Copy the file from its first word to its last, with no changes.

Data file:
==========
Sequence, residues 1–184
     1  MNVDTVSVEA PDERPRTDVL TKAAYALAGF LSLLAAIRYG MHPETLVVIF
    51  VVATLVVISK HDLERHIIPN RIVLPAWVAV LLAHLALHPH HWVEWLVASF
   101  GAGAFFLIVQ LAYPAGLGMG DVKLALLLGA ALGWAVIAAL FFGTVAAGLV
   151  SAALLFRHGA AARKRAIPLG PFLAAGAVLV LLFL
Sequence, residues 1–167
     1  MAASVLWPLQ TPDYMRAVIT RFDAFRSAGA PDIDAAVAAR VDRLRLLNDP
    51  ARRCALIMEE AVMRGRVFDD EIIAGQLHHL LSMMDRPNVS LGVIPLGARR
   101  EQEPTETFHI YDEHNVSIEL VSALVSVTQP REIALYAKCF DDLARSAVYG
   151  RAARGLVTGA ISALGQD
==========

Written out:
Sequence, residues 1–184
     1  MNVDTVSVEA PDERPRTDVL TKAAYALAGF LSLLAAIRYG MHPETLVVIF
    51  VVATLVVISK HDLERHIIPN RIVLPAWVAV LLAHLALHPH HWVEWLVASF
   101  GAGAFFLIVQ LAYPAGLGMG DVKLALLLGA ALGWAVIAAL FFGTVAAGLV
   151  SAALLFRHGA AARKRAIPLG PFLAAGAVLV LLFL
Sequence, residues 1–167
     1  MAASVLWPLQ TPDYMRAVIT RFDAFRSAGA PDIDAAVAAR VDRLRLLNDP
    51  ARRCALIMEE AVMRGRVFDD EIIAGQLHHL LSMMDRPNVS LGVIPLGARR
   101  EQEPTETFHI YDEHNVSIEL VSALVSVTQP REIALYAKCF DDLARSAVYG
   151  RAARGLVTGA ISALGQD